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Hoffmann, R. A wiki for the life sciences where authorship matters. Nature Genetics (2008)

Opposite effects of N,N-dimethyltryptamine (DMT) and 5-methoxy-n,n-dimethyltryptamine (5-MeODMT) on acoustic startle: spinal vs brain sites of action.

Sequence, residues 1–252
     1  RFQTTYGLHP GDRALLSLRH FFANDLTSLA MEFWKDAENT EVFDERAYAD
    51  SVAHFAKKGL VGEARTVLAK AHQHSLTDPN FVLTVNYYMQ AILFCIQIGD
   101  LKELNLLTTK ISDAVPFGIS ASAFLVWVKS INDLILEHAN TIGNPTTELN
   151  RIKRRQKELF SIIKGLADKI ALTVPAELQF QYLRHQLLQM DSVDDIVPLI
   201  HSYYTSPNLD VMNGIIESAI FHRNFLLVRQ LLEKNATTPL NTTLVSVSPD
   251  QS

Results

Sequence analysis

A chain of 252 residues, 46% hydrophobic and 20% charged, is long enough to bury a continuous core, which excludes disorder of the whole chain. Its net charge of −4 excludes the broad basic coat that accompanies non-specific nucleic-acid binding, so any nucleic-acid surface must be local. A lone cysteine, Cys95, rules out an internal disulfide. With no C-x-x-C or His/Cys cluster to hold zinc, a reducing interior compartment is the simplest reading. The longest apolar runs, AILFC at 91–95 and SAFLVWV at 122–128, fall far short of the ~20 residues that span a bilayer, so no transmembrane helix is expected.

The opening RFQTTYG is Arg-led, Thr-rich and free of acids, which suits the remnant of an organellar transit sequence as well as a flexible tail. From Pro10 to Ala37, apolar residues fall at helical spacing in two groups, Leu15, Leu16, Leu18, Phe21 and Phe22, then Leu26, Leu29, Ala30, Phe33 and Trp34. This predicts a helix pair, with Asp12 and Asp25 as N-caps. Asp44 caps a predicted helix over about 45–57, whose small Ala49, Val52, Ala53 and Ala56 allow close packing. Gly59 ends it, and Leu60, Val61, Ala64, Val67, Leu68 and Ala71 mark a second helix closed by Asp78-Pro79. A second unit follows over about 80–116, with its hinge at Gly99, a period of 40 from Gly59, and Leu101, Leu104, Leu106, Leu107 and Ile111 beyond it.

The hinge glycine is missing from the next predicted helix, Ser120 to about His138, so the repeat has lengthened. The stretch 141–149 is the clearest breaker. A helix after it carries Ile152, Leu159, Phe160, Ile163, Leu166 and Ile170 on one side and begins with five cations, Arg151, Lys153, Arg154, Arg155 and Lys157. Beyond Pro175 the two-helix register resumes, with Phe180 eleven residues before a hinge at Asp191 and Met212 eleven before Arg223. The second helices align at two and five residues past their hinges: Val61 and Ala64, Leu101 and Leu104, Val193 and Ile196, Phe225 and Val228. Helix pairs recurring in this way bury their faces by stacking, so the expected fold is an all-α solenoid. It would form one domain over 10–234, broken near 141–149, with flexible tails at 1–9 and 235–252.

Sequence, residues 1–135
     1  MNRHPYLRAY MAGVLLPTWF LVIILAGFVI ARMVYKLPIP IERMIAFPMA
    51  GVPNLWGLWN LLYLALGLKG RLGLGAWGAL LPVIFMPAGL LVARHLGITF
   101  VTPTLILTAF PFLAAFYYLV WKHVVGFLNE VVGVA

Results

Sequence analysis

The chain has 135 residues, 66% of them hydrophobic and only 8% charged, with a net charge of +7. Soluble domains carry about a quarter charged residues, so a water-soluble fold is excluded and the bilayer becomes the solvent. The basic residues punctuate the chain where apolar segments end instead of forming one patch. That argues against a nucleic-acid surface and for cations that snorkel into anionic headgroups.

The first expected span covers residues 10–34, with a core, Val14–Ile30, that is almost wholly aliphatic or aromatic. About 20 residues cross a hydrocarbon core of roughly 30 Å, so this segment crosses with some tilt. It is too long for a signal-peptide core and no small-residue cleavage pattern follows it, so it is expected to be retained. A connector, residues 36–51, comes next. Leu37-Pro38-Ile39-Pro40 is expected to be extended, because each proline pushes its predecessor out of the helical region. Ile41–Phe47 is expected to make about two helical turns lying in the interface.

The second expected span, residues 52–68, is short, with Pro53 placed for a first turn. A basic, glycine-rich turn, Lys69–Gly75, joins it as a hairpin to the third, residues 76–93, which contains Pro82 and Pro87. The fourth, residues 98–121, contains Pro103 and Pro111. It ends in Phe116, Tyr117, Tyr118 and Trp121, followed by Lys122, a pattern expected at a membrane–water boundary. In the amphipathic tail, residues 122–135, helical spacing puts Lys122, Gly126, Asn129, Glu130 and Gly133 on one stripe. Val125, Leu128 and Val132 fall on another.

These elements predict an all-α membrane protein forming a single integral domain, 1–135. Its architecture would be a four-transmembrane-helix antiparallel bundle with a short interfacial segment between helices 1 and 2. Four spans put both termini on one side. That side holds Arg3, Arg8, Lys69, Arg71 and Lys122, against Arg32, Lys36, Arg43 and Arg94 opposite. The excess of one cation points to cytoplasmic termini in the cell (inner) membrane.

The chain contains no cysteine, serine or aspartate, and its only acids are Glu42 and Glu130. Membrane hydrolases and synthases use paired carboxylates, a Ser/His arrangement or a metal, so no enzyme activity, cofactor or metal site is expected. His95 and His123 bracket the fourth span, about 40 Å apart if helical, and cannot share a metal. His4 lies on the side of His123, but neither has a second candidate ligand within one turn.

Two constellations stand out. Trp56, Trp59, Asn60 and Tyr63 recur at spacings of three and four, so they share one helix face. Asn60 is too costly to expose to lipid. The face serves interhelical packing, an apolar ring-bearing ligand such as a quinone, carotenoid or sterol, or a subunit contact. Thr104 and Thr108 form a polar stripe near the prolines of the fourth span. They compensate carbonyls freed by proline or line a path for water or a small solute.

The present studies examined the role of the spinal cord and the brain in mediating the effects of the hallucinogens N,N-dimethyltryptamine (DMT) and 5-methoxy-N,N-dimethyltryptamine (5-MeODMT) on the acoustic startle response in the rat. Systemic administration of these agents, which distributes to both the brain and spinal cord, produced opposite effects, as DMT depressed and 5-MeODMT increased acoustic startle. However, when administered directly into the lateral ventricle in the forebrain (intraventricular administration) 5-hydroxytryptamine (5-HT), DMT and 5-MeODMT all depressed acoustic startle, DMT and 5-MeODMT being about equipotent in this regard. In contrast, when administered directly into the spinal cord subarachnoid space (intrathecal administration), 5-HT and 5-MeODMT increased startle, whereas DMT was without effect. In another series of studies, the effects of systemically-administered DMT and 5-MeODMT on the "startle" elicited by electrical stimulation of the nucleus reticularis pontis caudalis (RPC) were determined. Since the RPC is the last nucleus of the primary startle circuit before the spinal cord, agents which act downstream from the RPC (i.e., in the lower brainstem and spinal cord) would be expected to alter RPC-elicited "startle," while agents which act upstream from the RPC would be without effect. Given systemically, 5-MeODMT markedly increased RPC-elicited "startle" while DMT was without effect. These data indicate that DMT and 5-MeODMT are equipotent in depressing startle through actions in the brain. In contrast, the difference in the effects of DMT and 5-MeODMT on acoustic startle is related to the spinal excitatory effects of 5-MeODMT which DMT does not possess. From the present results it is suggested that the relative potencies of DMT and 5-MeODMT in other behavioral measures may relate to the role of brain (equipotent) or spinal (5-MeODMT more potent than DMT) sites of action for the various behaviors.[1]


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